AuthorSimmons, Thomas E.
  1. INTRODUCTION 328 II. DISCUSSION 332 A. The Purpose and Objectives of the Right 332 B. The Origins, Nature, and Construction of the Right 337 C. Homestead: A Contemporary Statutory Overview 340 1. Protected Property 340 2. Protected Persons 342 3. Exemption Exception Creditors 344 a. Local and Federal Taxes 344 b. Support Claims 345 c. Preexisting Liens and Voluntary Sales 346 d. Other Non-Applicable Exceptions in Context 349 e. Mechanics' Liens 353 4. Married with Children Rights 355 a. Homestead Veto 357 b. Homestead Descent 361 D. A Homestead History: An Assessment and a Look Back 363 1. Pre-Constitutional Legislative History (1861-1889) 363 2. Constitutional History (1883-1889) 368 a. The 1883 Constitutional Convention 369 b. The 1885 Constitutional Convention 370 c. The 1889 Constitutional Convention 376 d. Two Failed Attempts at Constitutional Homestead Revision 378 III. CONCLUSION 379 IV. APPENDIX 382 A. 1862 Territorial Homestead Statutes 382 B. 1877 Territorial Homestead Statutes 385 C. 1877 Territorial Homestead Probate Provisions 388 "The State ought to see to it that every family may be covered by a roof.... " (1) I. INTRODUCTION

    South Dakota's homestead laws have long been a lively topic of litigation. Dozens of South Dakota Supreme Court and pre-statehood Dakota Territory Supreme Court decisions touch on our homestead laws in some substantive way. (2) One may add to this a significant assortment of federal decisions construing South Dakota homestead laws, including decisions by bankruptcy courts. (3) By virtue of this case law count alone, the significance of homestead laws should be clear. (4)

    The homestead exemption protects shelter as a fundamental human need, but it also defines that protection in terms of a "family," broadly conceived. (5) The basic requisites for shelter are unchanged since 1862 (conceding advancements in engineering and design), but the evolution of the idea of a family has been more dynamic. (6) The state constitutional framework for homestead laws, meanwhile, has remained static. The 1889 state constitutional homestead provision reads today just as it did when it was enacted upon South Dakota's statehood. (7) My aims in this article are to situate that provision in its historical context and to outline the contemporary statutory framework which defines and limits the application of the homestead exemption, along with two additional homestead characteristics dealing with inheritance and spousal conveyances. (8)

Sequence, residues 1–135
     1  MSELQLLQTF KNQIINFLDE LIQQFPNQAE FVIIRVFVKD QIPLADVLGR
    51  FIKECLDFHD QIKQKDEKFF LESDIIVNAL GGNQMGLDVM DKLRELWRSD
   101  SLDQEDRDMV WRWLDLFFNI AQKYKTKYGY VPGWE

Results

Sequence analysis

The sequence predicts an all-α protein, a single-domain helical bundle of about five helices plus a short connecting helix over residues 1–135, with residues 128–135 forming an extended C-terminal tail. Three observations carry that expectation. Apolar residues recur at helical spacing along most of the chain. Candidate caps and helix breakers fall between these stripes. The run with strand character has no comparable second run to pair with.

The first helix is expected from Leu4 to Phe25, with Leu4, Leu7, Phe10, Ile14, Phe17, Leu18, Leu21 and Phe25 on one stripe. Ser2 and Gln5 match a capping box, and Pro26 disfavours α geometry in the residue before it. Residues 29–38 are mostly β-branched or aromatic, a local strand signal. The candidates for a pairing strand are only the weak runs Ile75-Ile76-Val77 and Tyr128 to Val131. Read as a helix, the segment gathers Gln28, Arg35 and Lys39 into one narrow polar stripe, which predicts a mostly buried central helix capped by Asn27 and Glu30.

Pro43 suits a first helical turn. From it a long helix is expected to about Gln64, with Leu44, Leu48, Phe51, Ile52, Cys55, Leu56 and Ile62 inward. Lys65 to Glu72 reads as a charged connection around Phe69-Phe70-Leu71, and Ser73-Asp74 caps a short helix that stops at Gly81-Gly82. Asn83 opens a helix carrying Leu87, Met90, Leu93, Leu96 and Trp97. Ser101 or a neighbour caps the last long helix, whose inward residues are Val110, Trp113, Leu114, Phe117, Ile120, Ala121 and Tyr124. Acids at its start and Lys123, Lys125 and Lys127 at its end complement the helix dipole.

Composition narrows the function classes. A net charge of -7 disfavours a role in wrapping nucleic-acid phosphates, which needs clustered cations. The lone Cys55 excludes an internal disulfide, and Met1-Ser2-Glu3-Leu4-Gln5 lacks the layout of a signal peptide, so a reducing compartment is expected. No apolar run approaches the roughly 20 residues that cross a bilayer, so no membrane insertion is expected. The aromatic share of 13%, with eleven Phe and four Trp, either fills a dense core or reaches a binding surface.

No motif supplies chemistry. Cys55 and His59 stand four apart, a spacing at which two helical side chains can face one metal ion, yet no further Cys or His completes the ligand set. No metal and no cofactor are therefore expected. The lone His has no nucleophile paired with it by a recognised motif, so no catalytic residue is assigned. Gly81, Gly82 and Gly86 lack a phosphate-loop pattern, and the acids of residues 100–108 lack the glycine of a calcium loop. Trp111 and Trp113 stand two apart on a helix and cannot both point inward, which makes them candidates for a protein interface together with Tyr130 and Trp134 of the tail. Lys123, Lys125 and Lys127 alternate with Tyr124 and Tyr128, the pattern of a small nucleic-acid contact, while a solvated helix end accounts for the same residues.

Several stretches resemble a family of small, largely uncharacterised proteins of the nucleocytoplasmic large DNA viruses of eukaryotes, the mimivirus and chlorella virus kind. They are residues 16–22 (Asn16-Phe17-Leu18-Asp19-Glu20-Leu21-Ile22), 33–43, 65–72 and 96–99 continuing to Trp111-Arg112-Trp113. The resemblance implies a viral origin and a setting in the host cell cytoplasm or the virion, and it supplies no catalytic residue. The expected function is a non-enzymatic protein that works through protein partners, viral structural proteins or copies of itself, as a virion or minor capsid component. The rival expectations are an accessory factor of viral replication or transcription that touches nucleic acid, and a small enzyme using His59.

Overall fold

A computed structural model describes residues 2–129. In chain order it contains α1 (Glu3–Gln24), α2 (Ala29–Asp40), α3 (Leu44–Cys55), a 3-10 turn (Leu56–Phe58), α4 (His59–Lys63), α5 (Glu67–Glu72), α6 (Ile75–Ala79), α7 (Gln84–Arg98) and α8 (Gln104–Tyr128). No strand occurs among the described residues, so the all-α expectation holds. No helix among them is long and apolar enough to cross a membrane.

First, however, a few preliminaries. The term "homestead" in a legal context can prove slippery. (9) It typically refers to the extent and contours of the exemption from creditor claims that state law defines, alongside the two additional characteristics just mentioned. (10) The term "homestead" can also refer to the parcel of realty which enjoys the exemption; this second definition overlaps to a large degree with the popular meaning of the term--that place where the home is. (11) Homestead in the exemption sense of the word is a privilege or bundle of defined rights and limitations in regards to certain realty. (12) When the context is otherwise unavailing, I will endeavor to call the exemption the homestead right or privilege and the res "homestead property." (13) The term can be used to describe the requirement that both spouses join a conveyance of the homestead property--what I will label the "homestead veto." (14) Finally, the homestead enjoys certain inheritance characteristics which I will call the "homestead descent." (15)

    The term homestead in regards to real property tax assessments is outside the scope of this article, as is the term homestead in connection with "homesteaders;" settlers and pioneers who satisfied the federal requisites of "proving up a claim." (16)

    This article discusses the history and scope of South Dakota's homestead laws in a state constitutional context alongside an exploration of current statutory protections for a family's dwelling. Personal property exemptions will not be considered, except to the extent necessary to situate and explicate the contours of homestead protections. (17) Bankruptcy and its particulars fall outside the scope of this article. Real property tax discounts for an owner-occupied property--sometimes referred to as a homestead--will similarly be ignored. (18)